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The Wrong Move on F-22s



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Earlier this week, the U.S. Senate eliminated funding for additional F-22A Raptors and endorsed President Obama’s plan to build only 187 F-22s overall. This debate goes beyond fighter planes and encompasses federal spending priorities, fundamental shifts in defense policies, and the future of the U.S. military.

Air Force leaders have repeatedly testified they need 243 F-22s to maintain air superiority. The purchase of only 187 would leave the Air Force able to fly unchallenged in only one theater, not two. Led by Secretary of Defense Robert Gates, the Pentagon is budgeting on the assumption that future U.S. military operations will resemble those of today, i.e., they will be dominated by counterinsurgency and irregular warfare.

Oddly, Congress is making big cuts even before the Quadrennial Defense Review, which is designed to tell our leaders what equipment the military needs. But changing the composition of our military is something that requires a straightforward national debate.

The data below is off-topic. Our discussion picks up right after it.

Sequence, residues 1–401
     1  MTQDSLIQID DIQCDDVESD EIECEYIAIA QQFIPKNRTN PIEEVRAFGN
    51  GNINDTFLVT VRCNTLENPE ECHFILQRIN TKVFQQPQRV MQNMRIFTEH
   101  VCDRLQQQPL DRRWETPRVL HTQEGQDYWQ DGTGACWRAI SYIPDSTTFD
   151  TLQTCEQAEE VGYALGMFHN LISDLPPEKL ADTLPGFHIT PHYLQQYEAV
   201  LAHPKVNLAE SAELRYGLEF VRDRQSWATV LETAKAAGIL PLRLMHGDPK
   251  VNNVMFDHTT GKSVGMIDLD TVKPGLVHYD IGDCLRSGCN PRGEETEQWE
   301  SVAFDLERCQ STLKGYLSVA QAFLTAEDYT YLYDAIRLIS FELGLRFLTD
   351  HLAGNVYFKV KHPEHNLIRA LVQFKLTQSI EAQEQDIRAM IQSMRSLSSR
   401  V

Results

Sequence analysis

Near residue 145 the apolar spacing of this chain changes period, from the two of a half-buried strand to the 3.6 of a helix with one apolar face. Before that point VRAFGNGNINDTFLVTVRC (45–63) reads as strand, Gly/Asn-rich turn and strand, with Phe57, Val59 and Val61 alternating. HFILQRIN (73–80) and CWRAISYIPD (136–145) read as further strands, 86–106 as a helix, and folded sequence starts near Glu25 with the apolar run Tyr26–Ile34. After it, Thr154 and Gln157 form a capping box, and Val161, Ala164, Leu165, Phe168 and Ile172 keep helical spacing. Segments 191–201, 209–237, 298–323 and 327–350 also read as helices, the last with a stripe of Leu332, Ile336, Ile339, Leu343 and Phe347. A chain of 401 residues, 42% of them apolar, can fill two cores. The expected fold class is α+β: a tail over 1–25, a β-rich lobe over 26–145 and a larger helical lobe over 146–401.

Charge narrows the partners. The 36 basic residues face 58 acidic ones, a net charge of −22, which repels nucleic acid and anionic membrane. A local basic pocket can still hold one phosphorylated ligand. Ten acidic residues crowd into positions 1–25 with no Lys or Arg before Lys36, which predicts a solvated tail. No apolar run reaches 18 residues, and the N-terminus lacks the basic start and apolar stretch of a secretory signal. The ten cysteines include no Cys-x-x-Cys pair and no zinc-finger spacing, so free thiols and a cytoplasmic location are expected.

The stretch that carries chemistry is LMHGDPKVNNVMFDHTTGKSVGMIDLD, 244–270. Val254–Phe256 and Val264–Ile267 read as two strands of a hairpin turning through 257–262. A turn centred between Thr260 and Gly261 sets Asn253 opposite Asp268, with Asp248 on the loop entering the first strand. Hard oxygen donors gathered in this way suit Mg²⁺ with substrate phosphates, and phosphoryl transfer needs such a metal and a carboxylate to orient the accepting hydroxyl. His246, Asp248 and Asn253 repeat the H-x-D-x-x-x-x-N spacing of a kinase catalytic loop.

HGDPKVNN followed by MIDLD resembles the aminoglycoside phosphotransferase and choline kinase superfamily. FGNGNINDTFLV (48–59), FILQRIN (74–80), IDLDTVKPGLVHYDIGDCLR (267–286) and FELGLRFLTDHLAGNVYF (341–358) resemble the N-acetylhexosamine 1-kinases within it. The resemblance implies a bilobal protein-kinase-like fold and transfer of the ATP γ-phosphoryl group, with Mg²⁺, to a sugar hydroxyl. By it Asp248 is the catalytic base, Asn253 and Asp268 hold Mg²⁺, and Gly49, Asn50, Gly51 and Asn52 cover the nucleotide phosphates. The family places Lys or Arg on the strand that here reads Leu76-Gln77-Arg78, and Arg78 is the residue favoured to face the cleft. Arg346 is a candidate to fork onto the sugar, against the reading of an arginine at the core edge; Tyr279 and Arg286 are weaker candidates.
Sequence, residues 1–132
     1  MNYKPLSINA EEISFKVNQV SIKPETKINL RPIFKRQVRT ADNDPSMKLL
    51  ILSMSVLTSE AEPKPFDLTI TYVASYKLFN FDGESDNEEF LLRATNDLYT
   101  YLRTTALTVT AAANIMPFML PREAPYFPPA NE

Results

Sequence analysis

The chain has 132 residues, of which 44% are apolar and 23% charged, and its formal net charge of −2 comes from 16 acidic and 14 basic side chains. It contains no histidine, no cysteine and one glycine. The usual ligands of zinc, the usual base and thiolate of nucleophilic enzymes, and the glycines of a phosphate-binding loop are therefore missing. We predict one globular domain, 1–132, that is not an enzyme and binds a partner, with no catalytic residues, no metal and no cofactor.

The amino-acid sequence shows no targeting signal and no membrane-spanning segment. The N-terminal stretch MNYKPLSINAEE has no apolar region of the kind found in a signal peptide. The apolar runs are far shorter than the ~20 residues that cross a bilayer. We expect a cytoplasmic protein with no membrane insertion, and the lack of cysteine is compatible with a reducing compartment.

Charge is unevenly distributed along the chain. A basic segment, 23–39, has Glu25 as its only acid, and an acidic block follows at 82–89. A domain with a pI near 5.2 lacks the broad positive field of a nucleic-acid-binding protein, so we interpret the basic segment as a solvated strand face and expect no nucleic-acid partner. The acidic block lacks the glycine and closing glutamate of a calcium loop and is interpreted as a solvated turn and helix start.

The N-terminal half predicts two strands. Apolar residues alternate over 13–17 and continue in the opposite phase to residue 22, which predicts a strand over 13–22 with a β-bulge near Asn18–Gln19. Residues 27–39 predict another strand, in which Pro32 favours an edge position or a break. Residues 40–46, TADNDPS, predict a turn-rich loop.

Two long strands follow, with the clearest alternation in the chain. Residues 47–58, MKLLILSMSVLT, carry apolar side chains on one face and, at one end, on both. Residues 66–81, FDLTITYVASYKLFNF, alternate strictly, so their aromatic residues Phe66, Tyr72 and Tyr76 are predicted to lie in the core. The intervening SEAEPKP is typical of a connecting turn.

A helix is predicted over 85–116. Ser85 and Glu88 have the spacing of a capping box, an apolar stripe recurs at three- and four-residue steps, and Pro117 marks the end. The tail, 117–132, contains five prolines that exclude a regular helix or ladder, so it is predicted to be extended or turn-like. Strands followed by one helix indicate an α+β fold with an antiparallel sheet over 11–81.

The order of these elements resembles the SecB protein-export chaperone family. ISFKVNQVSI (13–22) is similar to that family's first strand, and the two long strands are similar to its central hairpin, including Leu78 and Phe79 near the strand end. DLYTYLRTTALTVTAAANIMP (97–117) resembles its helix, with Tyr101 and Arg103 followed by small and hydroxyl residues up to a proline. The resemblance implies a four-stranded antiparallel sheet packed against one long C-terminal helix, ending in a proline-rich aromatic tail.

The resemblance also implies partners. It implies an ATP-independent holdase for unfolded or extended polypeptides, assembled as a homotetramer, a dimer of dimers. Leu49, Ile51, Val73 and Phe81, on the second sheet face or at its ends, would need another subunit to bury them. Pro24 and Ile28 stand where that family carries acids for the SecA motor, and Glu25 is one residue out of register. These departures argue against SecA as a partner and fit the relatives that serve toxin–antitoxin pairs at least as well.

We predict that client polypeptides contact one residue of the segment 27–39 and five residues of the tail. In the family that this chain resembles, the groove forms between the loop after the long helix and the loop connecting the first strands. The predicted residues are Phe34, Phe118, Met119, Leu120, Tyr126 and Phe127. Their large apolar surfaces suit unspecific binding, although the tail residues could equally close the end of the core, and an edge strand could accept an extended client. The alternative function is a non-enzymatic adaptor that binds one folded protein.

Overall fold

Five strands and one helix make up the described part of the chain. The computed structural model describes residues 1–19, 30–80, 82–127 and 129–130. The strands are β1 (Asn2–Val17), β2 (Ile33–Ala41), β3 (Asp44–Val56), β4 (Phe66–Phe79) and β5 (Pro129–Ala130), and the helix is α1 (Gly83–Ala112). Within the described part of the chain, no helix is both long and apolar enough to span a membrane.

Having a military capable of winning only one major conflict raises the question of whether the United States will become a declining military power. By not investing in forward-looking technologies and sufficient quantities of platforms, we seem headed down that road.

Meanwhile, Congress and the president are eager to spend on domestic programs, such as the “stimulus” and nationalized health care. Defense spending isn’t the source of the federal government’s fiscal woes.

Providing for the common defense should not be a zero-sum exercise, as Gates seems to prefer. The Senate debate appeared to be about budgets, but this is an argument about strategy. The military has sized its force based on what the nation has asked it to do.

Many who criticize investment in next-generation platforms want to change American foreign policy. But weakening traditional military capabilities to force the United States to limit the scope of its global leadership is the wrong answer.

– Mackenzie Eaglen is the Heritage Foundation’s Research Fellow for National Security Studies.



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